13. One of the writers on my letters of recommendations is flaking on me. They sent letters to a few of my schools, but have now suddenly dropped off the face of the Earth, and my Jan 15 deadlines are now 5 days overdue. I emailed them on the.16th and haven't heard back. Other than them, my applications and letters have been complete for a month now. Any advice on how to proceed would be hot.
  14. This is my first cycle. Do schools usually email you to tell you that a decision has been made, or do you just have to check your application on their website. Because I'm starting to look insane checking my applications every day.
  15. This was my first application season, and my GRE score on the verbal was 163, which I'm happy with, but my quantitative score was 145. If I don't get in this time, should I retake in an attempt to get a higher quantitative score, or how badly will that low score hurt me? My fields of interest, ancient and philosophy of religion, have nothing to do with math, and I come from a small state school so I'm not going to be getting into a top 15 program anyway. I don't even know if I could get much higher, and I'm not even sure I would match that verbal score again; it's a long, draining test, and I'm worried about blowing a decent verbal score if I take it again. We all know that the GRE sucks, so I'm not sure if its worth investing months into for a gamble, or if my verbal score is sufficient to get me looked at. If it helps, I'm wondering about how it would be for schools like: Fordham, Vanderbilt, Villanova, Pittsburgh, Northwestern, Boston University, Washington University in St. Louis, Saint Louis University. I know some of those are a little higher up the list than others but that's what I mean.
  16. You are right that I am working, and full time (dishwasher, nothing too important). I've been out of school for a few years, always with the intention of going back for my graduate degree, but was never sufficiently warned about the problems that I would face in the current academic job environment. A little here and there, but no one laid it out for me exactly how horrible it was, especially if I didn't end up at a top 20 PHD school. I don't want this time around to be like my first time around, when I was an undergraduate and had no idea about the job market, and just listened to every teacher and family member say "go to college" etc., and thought they knew what they were doing. Then, no real good jobs. I'm not naive this time, and probably am on the other end of the spectrum - jaded, and a little angry. This time if it happens, its the blame is going squarely on my shoulders. The second problem is that being out of school a few years also means that I'm a few years older than and even further behind any people that I would be competing against. In any case, thanks for the input. What you said was exactly what my gut feeling was.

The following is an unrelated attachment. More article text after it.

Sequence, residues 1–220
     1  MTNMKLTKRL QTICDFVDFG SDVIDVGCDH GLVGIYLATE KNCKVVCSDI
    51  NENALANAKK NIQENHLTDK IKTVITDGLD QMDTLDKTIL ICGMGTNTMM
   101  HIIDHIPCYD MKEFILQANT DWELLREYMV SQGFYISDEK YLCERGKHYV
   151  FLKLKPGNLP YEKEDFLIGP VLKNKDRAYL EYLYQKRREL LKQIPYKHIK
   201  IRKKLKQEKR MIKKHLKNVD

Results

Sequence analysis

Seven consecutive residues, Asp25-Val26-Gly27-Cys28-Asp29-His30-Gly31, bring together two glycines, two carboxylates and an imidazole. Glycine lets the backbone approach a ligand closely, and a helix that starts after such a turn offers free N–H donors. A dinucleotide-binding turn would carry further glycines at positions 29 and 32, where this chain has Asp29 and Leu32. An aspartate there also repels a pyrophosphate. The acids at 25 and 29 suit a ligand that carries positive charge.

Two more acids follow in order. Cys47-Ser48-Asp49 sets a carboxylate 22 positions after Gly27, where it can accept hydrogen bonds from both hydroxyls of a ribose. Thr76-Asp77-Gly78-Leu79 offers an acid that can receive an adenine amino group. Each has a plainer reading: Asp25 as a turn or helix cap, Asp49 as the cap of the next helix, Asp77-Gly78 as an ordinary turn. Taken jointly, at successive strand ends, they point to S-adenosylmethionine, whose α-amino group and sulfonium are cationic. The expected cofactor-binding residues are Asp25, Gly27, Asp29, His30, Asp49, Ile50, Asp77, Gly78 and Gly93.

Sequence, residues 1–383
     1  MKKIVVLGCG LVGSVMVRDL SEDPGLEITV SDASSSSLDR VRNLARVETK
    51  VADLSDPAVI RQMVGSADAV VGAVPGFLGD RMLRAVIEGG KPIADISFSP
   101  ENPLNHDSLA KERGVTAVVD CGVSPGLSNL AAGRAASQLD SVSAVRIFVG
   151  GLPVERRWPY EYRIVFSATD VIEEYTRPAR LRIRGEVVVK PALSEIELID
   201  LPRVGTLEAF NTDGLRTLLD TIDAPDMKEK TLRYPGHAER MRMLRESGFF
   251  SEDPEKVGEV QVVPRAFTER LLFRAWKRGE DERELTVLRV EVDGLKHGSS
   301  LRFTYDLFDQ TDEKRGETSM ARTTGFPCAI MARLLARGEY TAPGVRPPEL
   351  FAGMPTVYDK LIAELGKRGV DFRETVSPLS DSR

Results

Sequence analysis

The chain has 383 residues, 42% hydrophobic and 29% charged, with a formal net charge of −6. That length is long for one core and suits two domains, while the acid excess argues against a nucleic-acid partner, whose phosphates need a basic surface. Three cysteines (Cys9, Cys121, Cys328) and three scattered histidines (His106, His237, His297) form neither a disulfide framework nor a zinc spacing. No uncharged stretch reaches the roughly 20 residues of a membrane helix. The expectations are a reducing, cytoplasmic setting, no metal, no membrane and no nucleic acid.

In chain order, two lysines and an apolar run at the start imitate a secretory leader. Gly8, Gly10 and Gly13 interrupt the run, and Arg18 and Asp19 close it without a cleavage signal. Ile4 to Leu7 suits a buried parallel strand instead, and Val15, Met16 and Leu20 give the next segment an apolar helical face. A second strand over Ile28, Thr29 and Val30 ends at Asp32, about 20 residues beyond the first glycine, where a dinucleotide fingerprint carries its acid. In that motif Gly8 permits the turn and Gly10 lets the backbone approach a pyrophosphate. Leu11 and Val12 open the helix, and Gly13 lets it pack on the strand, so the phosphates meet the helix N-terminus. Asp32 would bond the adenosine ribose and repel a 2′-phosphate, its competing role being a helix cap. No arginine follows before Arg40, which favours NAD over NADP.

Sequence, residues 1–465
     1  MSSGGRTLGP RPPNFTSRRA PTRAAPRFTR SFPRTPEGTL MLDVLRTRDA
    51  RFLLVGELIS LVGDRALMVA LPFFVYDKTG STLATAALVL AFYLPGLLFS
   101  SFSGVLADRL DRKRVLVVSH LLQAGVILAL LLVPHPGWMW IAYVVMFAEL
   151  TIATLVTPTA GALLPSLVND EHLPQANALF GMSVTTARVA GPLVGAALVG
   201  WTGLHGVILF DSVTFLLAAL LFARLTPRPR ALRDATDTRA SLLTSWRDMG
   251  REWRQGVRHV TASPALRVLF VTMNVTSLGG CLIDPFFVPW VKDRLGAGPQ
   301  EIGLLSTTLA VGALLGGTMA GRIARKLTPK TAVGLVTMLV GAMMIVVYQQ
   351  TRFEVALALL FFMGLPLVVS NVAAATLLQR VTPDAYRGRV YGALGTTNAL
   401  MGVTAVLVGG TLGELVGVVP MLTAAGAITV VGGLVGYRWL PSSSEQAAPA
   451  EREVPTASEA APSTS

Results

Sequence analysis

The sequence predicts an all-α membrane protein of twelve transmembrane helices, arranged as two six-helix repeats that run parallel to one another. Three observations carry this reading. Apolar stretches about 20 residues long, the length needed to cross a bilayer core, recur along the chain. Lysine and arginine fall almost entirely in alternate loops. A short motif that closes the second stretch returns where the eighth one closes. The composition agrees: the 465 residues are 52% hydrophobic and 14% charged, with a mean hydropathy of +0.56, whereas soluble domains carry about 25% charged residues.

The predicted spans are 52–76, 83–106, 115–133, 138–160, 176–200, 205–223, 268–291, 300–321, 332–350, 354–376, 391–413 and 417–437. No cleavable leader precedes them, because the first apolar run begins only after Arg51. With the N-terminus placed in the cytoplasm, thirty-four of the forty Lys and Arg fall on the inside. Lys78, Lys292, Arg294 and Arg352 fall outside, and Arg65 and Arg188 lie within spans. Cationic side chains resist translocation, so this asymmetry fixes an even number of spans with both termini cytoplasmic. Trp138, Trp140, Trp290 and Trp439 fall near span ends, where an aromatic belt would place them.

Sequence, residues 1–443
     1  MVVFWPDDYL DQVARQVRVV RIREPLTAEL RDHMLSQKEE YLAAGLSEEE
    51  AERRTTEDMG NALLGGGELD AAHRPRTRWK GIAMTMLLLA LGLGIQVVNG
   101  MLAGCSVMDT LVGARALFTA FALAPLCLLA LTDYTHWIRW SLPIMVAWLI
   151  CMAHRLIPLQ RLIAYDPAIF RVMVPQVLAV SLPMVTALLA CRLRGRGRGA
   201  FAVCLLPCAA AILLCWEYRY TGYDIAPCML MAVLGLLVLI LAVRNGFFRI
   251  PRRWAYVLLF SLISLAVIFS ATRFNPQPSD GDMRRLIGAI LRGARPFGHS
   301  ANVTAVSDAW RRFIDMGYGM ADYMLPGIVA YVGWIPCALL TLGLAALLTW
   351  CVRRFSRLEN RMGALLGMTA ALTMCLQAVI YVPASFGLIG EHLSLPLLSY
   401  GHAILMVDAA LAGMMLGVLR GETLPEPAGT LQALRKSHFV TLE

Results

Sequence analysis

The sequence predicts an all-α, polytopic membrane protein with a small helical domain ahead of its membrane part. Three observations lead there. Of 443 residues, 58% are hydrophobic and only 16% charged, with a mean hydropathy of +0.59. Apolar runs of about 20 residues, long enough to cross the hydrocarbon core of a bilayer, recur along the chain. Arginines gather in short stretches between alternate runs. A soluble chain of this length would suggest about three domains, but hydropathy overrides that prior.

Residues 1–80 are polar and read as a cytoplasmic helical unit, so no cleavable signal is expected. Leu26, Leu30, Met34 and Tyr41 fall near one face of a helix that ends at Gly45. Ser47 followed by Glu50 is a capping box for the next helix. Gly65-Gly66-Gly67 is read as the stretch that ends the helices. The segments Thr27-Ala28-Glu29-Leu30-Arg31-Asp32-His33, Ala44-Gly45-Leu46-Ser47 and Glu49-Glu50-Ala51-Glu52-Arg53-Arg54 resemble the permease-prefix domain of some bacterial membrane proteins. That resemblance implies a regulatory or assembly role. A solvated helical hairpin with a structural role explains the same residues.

17. So, we all know the risks that we take going down the PHD path, and the very slim chance that things are going to really go our way and we're going to end up with a stable, ideally tenure track job etc. etc. etc. We all know this, and presumably we're willing to take that risk, either because we believe that we can do it, that we will be the exception, or because we care deeply about our chosen subject and think that it has value and is worth the enormous effort of doing the PHD regardless of where we end up. I get this and I'm with it. I started studying philosophy at the beginning of my undergrad because I had questions and wanted to explore truth, and I think that philosophy is ultimately very worthwhile. And if I complete a PHD and can't get that elusive academic job, I'll be pissed for a while, but I'll know that I knew the odds and still went with it, and I got a few more years of study in, and got to do what I love before joining the rat race of the real world, and getting a real job. Recently however, as application season comes upon us yet again, and I finish up my writing sample and order my transcripts, and get all my ducks in a row, while working 40 hours a week, I have been getting this sinking feeling in the pit of my stomach, and I haven't been able to find sufficient data to answer the question. Can it be the case that having gone through with the PHD, that it could be a hinderance in getting a regular job? That horrible word keeps flashing in my head over and over again -"overqualified". I've heard it from people I know, not academics, or people with advanced degrees, but say, an electrical engineer who has hit a snag and need to find a job, and has told me that people who don't know better seem to think that with his big, fancy degree he can get a job almost anywhere, and so because so many people "know" that he can do this, he has a job nowhere. Point is, does anyone know, from experience, conversations, or know any resources, about a humanities PHD in general, or philosophy PHD in particular being a possible hinderance to getting a job afterwards? (This has not been written to the best of my abilities, but I needed to just spit it out after mulling it over for what has now been a long time)